That's a theory I've had for about 20 years now, because I used to always fill up my tank whenever I stopped at the gas station, but I began to notice (suspect) that the first half -- from full to half-full-- of the tank seemed to be going faster than the last half -- from half-full to empty.

So I began to wonder: am I burning more gas when the tank is full (maybe because the car is heavier) or is that just a trick of the mind, or is the gas gauge not accurate like I think it is, or... what's the deal with this?

Today, staring at 3 and 1/2 hours (one way) of driving, I decided to put it to the test. I filled the tank up, and began tracking it.

The first photo I took was about 7:59 a.m.: 1/4 of the tank used, after having traveled 96.8 miles. About 90 minutes of driving continuously had used up about 3.5 gallons of gas.

Not long after that, I got to 165.5 miles-- and a half tank. So... proof! The first 1/4 tank had gone 96 miles; the second 1/4 was good for only about 66 miles.

I'll note, for you out there who care, that only the first 10 miles was non-highway driving. The rest was a uniform highway drive of about 72 miles per hour.

Also, I did not text these while driving.

A little while later, at 9:54 a.m., and 225.3 miles, I was down to a quarter tank. So the third quarter of the tank was good for under 60 miles -- again, at the same uniform rate of speed and highway driving.

The final check was after my court hearing: 286.9 miles, and almost on empty -- so the final quarter of a tank was good for about 60 miles, too.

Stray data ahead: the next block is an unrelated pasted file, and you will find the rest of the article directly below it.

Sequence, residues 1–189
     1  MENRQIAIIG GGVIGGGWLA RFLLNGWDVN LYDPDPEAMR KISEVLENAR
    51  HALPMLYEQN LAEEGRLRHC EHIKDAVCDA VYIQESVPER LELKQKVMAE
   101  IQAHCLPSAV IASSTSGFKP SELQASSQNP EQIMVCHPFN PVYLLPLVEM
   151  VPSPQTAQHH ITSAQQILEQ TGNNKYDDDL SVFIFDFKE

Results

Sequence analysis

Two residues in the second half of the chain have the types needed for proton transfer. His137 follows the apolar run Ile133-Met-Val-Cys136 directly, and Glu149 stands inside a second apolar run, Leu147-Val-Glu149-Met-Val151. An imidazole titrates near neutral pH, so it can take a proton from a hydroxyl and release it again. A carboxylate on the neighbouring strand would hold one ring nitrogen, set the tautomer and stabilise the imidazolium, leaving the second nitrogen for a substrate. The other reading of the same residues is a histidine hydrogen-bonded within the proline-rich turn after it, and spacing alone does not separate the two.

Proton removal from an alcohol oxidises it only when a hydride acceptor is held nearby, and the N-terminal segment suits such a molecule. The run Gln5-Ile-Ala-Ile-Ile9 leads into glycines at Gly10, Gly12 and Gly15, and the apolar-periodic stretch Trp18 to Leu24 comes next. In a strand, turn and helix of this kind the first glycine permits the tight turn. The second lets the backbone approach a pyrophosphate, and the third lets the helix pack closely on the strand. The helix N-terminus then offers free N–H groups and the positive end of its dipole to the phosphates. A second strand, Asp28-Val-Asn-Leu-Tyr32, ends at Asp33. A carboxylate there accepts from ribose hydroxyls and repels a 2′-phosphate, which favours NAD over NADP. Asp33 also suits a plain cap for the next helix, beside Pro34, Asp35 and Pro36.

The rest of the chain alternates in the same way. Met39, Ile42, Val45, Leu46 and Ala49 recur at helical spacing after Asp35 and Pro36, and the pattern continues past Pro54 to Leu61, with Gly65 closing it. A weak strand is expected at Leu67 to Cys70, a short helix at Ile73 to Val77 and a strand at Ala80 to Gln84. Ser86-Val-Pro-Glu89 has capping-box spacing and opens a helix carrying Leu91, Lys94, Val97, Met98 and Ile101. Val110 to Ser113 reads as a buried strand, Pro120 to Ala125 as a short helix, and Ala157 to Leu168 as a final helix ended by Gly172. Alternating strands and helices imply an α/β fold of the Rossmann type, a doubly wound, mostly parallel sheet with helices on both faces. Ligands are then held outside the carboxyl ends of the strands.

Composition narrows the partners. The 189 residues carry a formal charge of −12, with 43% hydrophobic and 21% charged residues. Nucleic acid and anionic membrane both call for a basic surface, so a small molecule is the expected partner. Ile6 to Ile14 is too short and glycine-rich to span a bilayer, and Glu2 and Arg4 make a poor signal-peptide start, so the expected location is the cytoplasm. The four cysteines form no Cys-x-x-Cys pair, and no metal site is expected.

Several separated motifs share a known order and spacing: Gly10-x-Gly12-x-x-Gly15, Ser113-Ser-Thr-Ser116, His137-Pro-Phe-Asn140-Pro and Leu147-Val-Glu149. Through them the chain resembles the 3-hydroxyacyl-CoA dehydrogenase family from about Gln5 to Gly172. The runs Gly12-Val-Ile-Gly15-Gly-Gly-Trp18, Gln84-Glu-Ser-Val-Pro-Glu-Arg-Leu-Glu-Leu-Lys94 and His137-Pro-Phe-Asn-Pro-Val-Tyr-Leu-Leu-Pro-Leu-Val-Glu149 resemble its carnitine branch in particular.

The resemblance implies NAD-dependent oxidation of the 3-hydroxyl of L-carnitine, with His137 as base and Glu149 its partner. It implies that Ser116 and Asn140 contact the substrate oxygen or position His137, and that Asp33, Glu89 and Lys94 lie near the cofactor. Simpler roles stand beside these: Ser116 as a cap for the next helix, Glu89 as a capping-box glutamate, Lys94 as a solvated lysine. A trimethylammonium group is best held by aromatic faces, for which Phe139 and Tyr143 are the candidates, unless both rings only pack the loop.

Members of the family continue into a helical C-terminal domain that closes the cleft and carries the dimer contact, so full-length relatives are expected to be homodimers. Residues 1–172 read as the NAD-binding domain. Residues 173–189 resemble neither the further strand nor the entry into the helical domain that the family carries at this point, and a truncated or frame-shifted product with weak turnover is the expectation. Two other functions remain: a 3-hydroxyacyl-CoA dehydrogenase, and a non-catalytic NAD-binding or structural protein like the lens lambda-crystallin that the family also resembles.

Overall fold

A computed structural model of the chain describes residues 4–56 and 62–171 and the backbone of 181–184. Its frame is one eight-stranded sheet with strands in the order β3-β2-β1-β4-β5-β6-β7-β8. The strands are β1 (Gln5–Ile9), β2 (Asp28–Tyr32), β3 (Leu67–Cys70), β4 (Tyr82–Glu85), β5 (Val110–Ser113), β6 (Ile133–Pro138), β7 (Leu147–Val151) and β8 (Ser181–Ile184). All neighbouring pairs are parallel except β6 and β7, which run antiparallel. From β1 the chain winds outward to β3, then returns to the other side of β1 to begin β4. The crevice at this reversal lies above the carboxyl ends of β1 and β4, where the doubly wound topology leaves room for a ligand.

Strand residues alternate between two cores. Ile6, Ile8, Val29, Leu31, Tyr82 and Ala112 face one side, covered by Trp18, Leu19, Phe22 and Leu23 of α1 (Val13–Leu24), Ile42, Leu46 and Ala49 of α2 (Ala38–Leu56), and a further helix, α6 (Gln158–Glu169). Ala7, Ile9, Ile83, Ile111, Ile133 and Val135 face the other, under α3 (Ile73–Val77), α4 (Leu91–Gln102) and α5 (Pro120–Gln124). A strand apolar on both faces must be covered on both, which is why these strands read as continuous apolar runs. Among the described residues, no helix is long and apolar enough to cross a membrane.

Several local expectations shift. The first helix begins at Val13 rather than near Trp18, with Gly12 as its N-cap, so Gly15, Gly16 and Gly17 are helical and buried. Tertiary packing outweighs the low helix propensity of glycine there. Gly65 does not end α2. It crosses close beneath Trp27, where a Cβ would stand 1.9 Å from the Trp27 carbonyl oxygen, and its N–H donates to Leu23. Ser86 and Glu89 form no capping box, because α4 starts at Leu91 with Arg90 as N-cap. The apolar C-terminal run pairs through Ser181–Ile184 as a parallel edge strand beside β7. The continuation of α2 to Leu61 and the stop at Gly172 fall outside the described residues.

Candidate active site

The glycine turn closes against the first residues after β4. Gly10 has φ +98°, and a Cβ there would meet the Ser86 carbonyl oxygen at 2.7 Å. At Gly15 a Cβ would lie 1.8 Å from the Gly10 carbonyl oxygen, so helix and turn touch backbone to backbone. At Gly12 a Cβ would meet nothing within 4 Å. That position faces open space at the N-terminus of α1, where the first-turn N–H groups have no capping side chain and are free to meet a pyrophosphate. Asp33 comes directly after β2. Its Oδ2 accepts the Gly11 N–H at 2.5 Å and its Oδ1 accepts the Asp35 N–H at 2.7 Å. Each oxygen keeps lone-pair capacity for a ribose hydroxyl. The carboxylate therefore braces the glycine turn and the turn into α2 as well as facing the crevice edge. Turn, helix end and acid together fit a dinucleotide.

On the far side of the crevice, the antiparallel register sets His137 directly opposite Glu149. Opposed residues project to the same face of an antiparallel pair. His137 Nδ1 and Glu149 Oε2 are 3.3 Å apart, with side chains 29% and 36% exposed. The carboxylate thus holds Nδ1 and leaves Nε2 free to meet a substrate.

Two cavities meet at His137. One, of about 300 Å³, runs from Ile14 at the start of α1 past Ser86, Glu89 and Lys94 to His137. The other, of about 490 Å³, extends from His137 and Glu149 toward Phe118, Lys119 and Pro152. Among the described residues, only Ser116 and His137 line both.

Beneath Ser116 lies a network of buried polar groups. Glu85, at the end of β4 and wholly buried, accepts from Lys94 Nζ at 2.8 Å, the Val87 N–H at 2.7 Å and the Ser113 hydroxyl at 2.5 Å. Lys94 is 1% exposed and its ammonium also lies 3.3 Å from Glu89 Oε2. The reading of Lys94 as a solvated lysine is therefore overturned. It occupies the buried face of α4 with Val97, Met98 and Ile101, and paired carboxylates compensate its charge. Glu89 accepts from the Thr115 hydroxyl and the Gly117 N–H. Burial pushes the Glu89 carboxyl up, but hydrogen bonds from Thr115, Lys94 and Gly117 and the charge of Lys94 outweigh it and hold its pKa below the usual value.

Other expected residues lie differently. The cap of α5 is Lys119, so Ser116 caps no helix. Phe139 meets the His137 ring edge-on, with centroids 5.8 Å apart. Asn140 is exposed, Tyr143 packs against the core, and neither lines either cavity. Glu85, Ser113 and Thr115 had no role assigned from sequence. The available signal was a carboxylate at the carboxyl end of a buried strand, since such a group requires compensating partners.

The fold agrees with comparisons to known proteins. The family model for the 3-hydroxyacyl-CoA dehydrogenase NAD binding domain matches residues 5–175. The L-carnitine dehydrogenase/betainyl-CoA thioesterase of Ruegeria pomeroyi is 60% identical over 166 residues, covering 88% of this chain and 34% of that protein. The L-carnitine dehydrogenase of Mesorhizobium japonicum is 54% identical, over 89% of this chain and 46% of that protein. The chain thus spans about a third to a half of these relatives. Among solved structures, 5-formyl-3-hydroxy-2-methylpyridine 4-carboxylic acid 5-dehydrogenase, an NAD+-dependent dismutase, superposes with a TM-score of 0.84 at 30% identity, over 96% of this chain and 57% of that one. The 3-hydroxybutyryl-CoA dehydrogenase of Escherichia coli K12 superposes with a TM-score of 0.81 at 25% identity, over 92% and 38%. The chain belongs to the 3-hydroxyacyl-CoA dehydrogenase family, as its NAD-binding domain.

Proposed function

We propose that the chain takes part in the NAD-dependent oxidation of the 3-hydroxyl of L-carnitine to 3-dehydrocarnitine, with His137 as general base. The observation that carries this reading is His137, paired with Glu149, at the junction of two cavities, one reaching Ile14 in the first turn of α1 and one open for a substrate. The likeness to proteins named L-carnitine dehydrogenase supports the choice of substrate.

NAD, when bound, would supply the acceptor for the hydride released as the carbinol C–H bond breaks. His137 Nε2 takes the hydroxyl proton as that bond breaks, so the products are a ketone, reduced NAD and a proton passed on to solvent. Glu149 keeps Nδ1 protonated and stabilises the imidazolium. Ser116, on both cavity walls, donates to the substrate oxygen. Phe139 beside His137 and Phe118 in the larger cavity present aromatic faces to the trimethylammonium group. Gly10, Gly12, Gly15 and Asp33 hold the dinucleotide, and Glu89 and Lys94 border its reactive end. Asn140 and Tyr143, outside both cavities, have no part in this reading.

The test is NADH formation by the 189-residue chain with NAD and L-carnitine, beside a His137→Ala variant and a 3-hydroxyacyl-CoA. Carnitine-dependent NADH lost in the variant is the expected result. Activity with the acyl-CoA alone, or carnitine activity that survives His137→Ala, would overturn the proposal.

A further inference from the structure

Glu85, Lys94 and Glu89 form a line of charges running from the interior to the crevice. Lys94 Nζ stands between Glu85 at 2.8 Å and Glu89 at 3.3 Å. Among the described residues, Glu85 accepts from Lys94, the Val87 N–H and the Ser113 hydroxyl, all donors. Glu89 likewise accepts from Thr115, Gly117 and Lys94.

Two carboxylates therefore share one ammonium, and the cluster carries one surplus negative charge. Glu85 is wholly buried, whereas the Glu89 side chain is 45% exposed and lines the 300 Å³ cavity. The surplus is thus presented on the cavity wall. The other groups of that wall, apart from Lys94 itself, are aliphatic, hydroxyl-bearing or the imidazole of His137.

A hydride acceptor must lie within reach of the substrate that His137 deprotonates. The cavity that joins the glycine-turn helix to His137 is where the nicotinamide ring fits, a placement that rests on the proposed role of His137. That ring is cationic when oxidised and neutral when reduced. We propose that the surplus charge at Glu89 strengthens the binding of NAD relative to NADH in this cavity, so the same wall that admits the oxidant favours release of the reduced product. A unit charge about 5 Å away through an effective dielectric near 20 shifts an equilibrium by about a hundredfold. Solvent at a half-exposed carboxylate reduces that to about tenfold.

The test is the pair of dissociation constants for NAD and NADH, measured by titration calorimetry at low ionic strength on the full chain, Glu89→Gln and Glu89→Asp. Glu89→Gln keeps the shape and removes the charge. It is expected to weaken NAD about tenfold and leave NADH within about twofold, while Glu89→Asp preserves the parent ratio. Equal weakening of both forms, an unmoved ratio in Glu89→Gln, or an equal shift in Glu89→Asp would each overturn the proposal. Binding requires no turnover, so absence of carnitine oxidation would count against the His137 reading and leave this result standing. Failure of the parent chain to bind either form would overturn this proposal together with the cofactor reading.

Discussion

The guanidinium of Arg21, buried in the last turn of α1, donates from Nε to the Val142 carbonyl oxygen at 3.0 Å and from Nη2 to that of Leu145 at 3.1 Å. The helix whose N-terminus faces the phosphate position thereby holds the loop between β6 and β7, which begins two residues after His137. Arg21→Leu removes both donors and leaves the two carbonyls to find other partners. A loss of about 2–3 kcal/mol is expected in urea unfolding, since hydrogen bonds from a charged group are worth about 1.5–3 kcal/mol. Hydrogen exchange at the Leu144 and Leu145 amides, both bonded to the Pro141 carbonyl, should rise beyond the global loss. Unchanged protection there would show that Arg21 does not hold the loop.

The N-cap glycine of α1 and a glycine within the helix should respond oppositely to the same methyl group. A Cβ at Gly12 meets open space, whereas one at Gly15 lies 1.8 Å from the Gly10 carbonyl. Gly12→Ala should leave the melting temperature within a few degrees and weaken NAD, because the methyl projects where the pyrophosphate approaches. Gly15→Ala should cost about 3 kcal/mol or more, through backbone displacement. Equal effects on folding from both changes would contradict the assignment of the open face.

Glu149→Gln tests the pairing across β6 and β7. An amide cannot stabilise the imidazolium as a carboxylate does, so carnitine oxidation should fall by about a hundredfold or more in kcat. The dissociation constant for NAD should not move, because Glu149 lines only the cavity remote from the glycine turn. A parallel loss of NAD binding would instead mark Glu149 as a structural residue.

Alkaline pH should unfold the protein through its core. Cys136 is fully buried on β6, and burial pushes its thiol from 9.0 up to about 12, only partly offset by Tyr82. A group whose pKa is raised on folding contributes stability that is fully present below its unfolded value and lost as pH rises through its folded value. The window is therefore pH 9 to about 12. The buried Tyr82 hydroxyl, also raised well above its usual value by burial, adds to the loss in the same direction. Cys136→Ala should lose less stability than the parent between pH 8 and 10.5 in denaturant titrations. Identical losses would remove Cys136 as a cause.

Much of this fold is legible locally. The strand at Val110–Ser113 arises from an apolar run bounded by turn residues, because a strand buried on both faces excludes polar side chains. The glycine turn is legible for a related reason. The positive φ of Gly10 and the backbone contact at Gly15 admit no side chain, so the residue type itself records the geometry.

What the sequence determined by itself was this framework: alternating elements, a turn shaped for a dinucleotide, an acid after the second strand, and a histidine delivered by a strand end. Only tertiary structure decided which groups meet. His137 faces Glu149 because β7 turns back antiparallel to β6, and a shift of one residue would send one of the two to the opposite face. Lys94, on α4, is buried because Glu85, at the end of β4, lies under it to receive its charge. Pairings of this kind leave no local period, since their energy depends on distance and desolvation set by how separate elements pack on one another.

Which, after all that, actually disproves my theory -- and suggests that I should always fill up the tank, as I got the best mileage on the first quarter tank.

But I couldn't worry about that anymore -- not because my "check engine" light was on; that goes on all the time. I couldn't worry about it because I was listening to Stuff You Missed In History Class' podcast about whether Oliver Cromwell actually cancelled Christmas, and I was getting distracted.

The Republican Agenda Gets A Bit Off Course. (Publicus Proventus)

The Republican Agenda, as expressed up to and including the first business day of the year:

Jobs jobs jobs jobs jobs jobs keep people from voting jobs jobs jobs jobs let kids drive ATVs on roads jobs job jobs let people take guns to schools jobs jobs arrest people for traffic tickets jobs make it harder to do stem cell research jo...let homeowners shoot people ...

Which of those were the issue you voted on?

If we're lucky, Cheerleader Walker will be too busy giving tax cuts to wealthy businessmen and padding the government payroll with his buddies to hurry up and make it legal for 12-year-olds to shoot teachers who use the words "stem cells" in class. If we're lucky...

Monday, January 03, 2011

In the dark of the night, what evil lurks the Wisconsin Capitol? (Publicus Proventus)

What do you suppose Cheerleader Walker was up to last night, in the dark hours while the rest of us slept? He must have been up to something, or else he wouldn't have taken a secret oath of office last week to allow him to officially become governor as of 12:01 a.m.

So for all you know, state workers, you've already been fired. I'd call the office before you deal with the rush hour traffic, just to be sure.

Whatever is, he must have been doing something. Cheerleader Walker wouldn't have done something solely for symbolic purposes, would he have? Sure -- he'll mislead people about what he's going to do with rejected light rail funds, and lie about his small business tax plan, but at least he's actually doing something. So you know he was spooking around the Capitol last night, up to something.

Also: The JOB COUNT is on! Walker promised 250,000 jobs in four years as governor. That's 7.13 jobs per hour. He's been on job for 6 hours, 42 minutes as I write this -- so let's hear from you 48.15 people who found jobs overnight! YAY!

Sunday, January 02, 2011

Quote of the Day, 53